Sumrall steps in to lead Trojan football
After three straight five-win seasons and a heartbreaking season-ending loss, Troy Football began looking for a new beginning.
Enter Jon Sumrall.
Sumrall, not a stranger to Troy, has been here with success before.
Under then-coach Neal Brown, Sumrall was the assistant head coach, linebackers coach, and special teams coordinator from 2015-2017.
During his tenure, the Trojans saw massive achievements, having a cumulative record of 25-13, winning their two bowl game appearances during that time, and becoming the first Sun Belt team to be ranked in the Associated Press Top 25.
While working with Neal Brown, Troy defeated #25-ranked LSU in Death Valley and suffered a narrow 30-24 loss at #2-ranked Clemson.
The Trojans won a school-record 11 games in 2017, and the Troy defense ranked first in the nation in red zone defense (.614), second in tackles for loss per game (8.6), seventh in rushing defense (105.3), 11th in scoring defense and 24th in total defense per game (336.6).
In his last two years with the Trojans, Troy had a 21-5 total record, including a Sun Belt conference championship.
In Sumrall’s three seasons at Troy, the Trojans’ defense was top in both the Sun Belt and NCAA in multiple defensive categories.
“Jon Sumrall exceeded all the criteria we had when searching for a new leader for our football program,” said Brent Jones, Troy’s althletic director. “He is a proven winner and a dynamic recruiter that will continue to build upon our championship legacy.
“In Jon, we have a leader who is energetic, intense and brings a level of passion that is unmatched.
“He fully understands our championship expectations and has a comprehensive plan to take Troy Football to the top of the Sun Belt Conference and the Group of Five.”
Regardless, Sumrall faces an uphill climb replacing Chip Lindsey, who was let go after three disappointing seasons.
The Trojans went 5-6, 5-7, and 5-6 under Lindsey, the former Auburn offensive coordinator, hired to replace Brown in 2019.
Sumrall, a Huntsville native and former University of Kentucky linebacker letterwinner, was very keen to share his excitement about returning to Troy.
“Troy University and the Troy community left an indelible mark on our family,” Sumrall said. “I am humbled and extremely grateful to (Chancellor) Hawkins, Brent Jones and the entire selection committee for their trust in me to lead this storied football program.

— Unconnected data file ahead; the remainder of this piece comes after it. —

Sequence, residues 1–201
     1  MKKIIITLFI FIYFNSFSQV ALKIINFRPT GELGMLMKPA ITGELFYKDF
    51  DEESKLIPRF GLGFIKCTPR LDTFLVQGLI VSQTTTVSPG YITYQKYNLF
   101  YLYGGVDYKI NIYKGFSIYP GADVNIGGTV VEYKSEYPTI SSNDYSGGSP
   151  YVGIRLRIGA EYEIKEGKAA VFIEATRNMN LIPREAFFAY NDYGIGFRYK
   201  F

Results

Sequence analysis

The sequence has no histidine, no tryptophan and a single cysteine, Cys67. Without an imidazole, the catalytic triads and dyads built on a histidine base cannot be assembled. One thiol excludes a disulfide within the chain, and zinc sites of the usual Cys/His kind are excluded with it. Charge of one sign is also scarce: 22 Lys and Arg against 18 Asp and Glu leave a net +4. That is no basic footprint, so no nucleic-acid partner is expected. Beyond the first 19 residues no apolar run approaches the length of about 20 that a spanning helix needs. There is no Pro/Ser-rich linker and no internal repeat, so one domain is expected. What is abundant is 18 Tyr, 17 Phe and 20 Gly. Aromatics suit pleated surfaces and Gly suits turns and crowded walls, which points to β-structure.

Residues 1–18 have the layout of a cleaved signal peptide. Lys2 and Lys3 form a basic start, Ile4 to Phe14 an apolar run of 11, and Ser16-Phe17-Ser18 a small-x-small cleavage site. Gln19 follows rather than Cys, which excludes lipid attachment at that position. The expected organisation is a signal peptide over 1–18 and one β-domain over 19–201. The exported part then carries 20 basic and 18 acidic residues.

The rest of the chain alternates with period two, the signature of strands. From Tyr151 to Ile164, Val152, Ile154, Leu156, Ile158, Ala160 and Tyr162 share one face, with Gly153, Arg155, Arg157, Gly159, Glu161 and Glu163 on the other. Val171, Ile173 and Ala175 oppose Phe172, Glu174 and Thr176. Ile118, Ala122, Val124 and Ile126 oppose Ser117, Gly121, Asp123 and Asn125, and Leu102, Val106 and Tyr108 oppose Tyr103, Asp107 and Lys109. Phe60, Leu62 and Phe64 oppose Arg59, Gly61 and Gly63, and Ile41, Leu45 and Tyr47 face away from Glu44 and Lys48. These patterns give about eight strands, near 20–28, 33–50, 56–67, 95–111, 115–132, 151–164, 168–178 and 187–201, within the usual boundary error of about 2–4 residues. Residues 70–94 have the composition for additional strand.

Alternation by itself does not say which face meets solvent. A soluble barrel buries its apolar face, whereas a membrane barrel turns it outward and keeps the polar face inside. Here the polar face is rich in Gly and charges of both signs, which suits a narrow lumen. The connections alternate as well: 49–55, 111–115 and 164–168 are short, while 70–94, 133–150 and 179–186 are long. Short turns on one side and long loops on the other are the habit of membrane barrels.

“Ginny and I fell in love with Troy and can’t wait to return home and reconnect with the tremendous fan base.
“Troy Football has a proud tradition of success, and I look forward to leading this program back to a championship level.”
Sumrall also emphasized the importance of connecting with the student body.
“You’re going to see me out at events on campus all the time,” Sumrall stated. “I’m going to be the biggest fan of the other sports.
“We have an appreciation for college life and college people.
“My job as the head coach here is to help us win football games, but my job is also to connect and engage with the community and help other people learn and grow as well.
“I’ll show up at fraternity and sorority houses if they want me to speak.
“I’ll show up to any club on campus; it doesn’t matter. I think every student on this campus matters, and we want them to be involved, and we want them to know we value them being a part of our program.”
Sumrall also hails from Lexington, Kentucky, as a three-year letterwinner linebacker for the University of Kentucky Wildcats.
During his reign as co-defensive coordinator and linebacker coach under head coach Mark Stoops, Kentucky saw great defensive prowess in recent years.
In his first season in 2019, Sumrall oversaw an effective four-man rotation at the middle and weakside linebacker positions.
UK’s defense helped keep every opponent at or below 30 points, the first time the Wildcats have done that since 1979.
Sumrall also had two of the nation’s leading tacklers under his watch in 2020 in Jamin Davis and DeAndre Square, with Davis being a first-round pick to Washington in the 2021 NFL Draft.
“I think playing good defense is about good attitude and good effort,” Sumrall said, regarding how his defensive successes in Lexington would translate to Troy.
“You develop that through just what your expectations are and how hard you work. For us, it’s going to be about a mindset, about an approach each and every day to be the best we can be all the time.”
Sumrall also spoke on how he handles pressure, especially with heightened expectations coming off three consecutive five-win seasons.
“I don’t view any of it as pressure,” Sumrall said. “I’m going to put more pressure on myself than any fan or any other outside force can… the results will find themselves if we do things the right way.
“We want to win, we want to win big as fast as we can, but I’m also going to make decisions that are in the best interest of the Troy Football program in the long haul and not for immediate gratification.
“As I get to know the team, I’ll have a better idea of what’s our best recipe for being successful. “As a coach, we have to identify what our guys do well, embrace what they do well, develop what they don’t, and find competitive advantages for us.”
With an entire spring, summer and fall camp to re-familiarize himself with team and facilities, as well as develop a game plan moving forward, Sumrall and the Trojans have room to grow.
Under Sumrall’s direction, there might not be a new face, but there is a new beginning.
“I have no doubt Jon Sumrall is the right man to lead us into a new era of Troy Football,” Jones said.
Troy opens its 2022 season with a road trip to Oxford, Mississippi, to face the Ole Miss Rebels on Sept. 3.